Gran Pulse is (unsurprisingly) home to some of the rarest equipment, accessories, and components. Often hidden behind any of the myriad of challenges this harsh world has to offer, but usually worth the price of admission when you start acquiring some of the most powerful items. Like the Genji Gloves. Or the Growth Egg if you’re going for those character development achievements. It’s quite amazing how much there is to do and yet how little there seems to be available to begin with. It seems fairly linear- but it isn’t. Not by a long shot.

You probably won’t be able to do it all on your first visit, either.

Leaving isn’t permanent- but it likely will be for most people who will move on to finish the story and defeat the final boss. I didn’t return the last time I finished Final Fantasy XIII, but this time I intend to go back and acquire a few more achievements and maybe even try to clear all of the Cie’th Stone missions. It’s been fun, though. If nothing else I’ve had a good time. It also brought back some great memories of playing the Final Fantasy series when I was younger. That said, this isn’t the end of Final Fantasy XIII- I have the whole trilogy to get through and I intend to do just that! I’m particularly stoked about what Final Fantasy XIII-2 has in store for me.

I was going to talk about creative things today as I’ve been working on something new. That said, I don’t have too much to share regarding that particular piece besides a rather hilarious sneak peek I posted over on Twitter. I should have it finished soon. So, if you don’t see it in the next post it should be in the one after. I have been playing a lot of Final Fantasy XIII recently. So, this post seemed to fit as I could talk about something I enjoy and do something slightly different in the process.

Have a nice week, all!


Old Haunts

The best places to go back to.

I’ve been thinking about the Final Fantasy X/X-2 HD Remaster. I was originally going to pick it up on my newly acquired PS Vita, however it would seem that there’s a little snag regarding the physical version you can buy. It includes Final Fantasy X-2 as a download code. Which is sort of okay as I don’t really care too much for Final Fantasy X-2, but if I’m paying for both titles I’d like to be able to play both. Of course I could just download it. But I don’t necessarily have the free storage to download it at the moment.

Whereby it would make even less sense to pay more to expand my storage capabilities.

That said, the very same Final Fantasy X/X-2 HD Remaster is now available on Steam and that could be a better option. The entire Final Fantasy XIII trilogy is available on Steam, too. While there is a good chance that the recently announced Final Fantasy XII The Zodiac Age will make its way there at some point. Or (at a stretch) make its way to PS Vita.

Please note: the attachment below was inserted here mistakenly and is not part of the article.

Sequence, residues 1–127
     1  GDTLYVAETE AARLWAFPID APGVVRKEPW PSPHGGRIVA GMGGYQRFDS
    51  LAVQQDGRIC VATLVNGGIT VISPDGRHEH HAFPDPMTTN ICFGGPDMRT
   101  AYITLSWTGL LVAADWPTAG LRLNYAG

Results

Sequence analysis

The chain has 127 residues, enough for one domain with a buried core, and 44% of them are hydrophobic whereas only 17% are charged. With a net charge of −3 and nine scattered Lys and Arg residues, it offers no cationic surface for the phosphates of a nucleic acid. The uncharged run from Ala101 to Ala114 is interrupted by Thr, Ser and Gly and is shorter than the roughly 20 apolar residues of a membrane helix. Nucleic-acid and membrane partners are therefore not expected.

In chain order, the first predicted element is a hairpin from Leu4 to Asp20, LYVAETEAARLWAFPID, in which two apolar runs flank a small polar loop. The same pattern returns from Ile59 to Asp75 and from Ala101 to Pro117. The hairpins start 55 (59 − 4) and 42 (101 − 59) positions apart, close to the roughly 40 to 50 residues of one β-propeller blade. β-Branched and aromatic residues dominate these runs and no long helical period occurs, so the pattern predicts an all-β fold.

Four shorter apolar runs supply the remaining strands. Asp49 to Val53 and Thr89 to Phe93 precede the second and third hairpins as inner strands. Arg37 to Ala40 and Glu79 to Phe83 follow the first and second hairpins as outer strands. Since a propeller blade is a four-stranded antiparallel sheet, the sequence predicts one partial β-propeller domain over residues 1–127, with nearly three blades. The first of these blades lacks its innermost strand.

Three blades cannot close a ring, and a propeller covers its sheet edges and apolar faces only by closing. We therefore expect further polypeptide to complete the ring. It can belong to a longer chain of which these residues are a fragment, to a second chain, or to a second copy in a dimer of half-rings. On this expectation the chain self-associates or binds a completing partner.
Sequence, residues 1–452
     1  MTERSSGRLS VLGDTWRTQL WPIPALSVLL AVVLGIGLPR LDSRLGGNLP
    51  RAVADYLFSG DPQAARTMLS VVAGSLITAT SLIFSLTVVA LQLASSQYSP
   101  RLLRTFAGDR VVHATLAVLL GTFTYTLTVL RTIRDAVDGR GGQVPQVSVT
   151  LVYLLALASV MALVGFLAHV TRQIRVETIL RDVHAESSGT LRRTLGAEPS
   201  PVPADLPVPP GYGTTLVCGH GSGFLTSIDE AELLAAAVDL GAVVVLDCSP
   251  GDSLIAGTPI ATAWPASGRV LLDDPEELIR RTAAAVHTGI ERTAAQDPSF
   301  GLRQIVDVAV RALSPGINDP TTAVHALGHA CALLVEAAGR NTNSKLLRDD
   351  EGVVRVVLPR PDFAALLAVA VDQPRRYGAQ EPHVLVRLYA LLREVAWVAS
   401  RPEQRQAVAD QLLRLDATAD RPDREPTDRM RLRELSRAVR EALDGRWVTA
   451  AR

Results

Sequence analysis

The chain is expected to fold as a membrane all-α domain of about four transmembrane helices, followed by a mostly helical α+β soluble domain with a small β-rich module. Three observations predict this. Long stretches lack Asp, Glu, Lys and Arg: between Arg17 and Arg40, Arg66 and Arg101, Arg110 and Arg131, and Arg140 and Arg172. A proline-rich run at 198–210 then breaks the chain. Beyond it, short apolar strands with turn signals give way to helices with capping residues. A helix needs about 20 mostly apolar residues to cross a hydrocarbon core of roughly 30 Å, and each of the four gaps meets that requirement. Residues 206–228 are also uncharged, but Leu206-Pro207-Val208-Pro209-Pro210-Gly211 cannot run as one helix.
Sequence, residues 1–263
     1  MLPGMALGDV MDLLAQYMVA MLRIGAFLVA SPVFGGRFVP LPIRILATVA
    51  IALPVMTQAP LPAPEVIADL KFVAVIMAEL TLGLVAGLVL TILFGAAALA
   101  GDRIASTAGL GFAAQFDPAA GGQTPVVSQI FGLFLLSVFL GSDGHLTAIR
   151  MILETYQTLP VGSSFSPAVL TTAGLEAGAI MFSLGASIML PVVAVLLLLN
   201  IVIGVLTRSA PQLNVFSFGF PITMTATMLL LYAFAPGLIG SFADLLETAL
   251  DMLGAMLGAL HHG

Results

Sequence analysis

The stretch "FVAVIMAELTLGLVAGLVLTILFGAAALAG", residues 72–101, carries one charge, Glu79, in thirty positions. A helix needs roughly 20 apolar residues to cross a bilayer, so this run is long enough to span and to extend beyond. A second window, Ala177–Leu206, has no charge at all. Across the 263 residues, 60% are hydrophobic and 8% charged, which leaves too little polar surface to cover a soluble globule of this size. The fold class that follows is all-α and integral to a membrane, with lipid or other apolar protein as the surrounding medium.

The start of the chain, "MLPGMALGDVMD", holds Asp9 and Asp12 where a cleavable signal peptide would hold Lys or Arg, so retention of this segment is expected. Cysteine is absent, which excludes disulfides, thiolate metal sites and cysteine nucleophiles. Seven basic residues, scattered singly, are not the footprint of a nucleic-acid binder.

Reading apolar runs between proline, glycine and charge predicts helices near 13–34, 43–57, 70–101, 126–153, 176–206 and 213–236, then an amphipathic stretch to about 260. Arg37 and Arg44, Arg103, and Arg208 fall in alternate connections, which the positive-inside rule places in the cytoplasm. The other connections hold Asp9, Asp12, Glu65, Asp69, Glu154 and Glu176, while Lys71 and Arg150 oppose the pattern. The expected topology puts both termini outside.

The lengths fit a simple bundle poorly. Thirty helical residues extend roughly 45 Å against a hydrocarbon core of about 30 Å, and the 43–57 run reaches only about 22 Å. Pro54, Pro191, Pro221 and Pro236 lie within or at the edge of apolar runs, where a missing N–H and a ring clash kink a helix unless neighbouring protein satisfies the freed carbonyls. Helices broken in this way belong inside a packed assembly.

So I could have Final Fantasy to Final Fantasy IX on my PS Vita and everything above that in my Steam library. I’m unsure as to whether Final Fantasy XV will ever come to Steam, but I’d reckon it’s likely even if we have to wait an additional couple of years to see it. Still, I’m a massive fan of the Final Fantasy series. It’s one of the reasons I became as enamoured with RPGs as I did. It’s one of the few things you’ll ever see me playing filled with childlike wonder and glee, too. The other being Chrono Trigger. Even if I’ve probably finished Chrono Trigger over thirty times (that’s not an exaggeration either). While I haven’t read/seen too much about Final Fantasy XV, I’d still love to play it just because it’s a Final Fantasy title.

A fitting name for such a beast.
A fitting name for such a beast.

While Final Fantasy XII (and above) weren’t my favourite Final Fantasy titles, I do admit they deserve a second chance. Final Fantasy XIII was an entry in the series which I didn’t really enjoy the first time out, but I definitely enjoyed it more the second time I went through the story. Mostly due to the fact that earlier in the story they restrict who you can have, what you can do with them, and how useful they are. Once you reach Gran Pulse (I think it is) you’ve finally got the freedom to build the party that you want.

Greater selection of Paradigms to choose from, too.

Which would probably be my major complaint (for lack of a better word) with later instalments. They had interesting stories, characters, combat mechanics, and so on but there was always an annoying feature. Like the constant party shuffling early in Final Fantasy XIII. Or the fact that some parts of Final Fantasy XII played out like an MMO with intense grinding.

That said, Final Fantasy XII was an entry in the series that deserved the definition of epic. It was a stunningly beautiful title with an excellent selection of music, it also had a huge and vibrant world and took many risks with and different directions in many key Final Fantasy mechanics. It’s an interesting conundrum I’m faced with for sure. It’s such an influential series (for me personally), and I’m unsure as to which would be the best way to continue to support it. Steam seems like the obvious choice for the later instalments. Especially if those later instalments are released with very little changes to the original versions of said instalments.

Have a nice week all!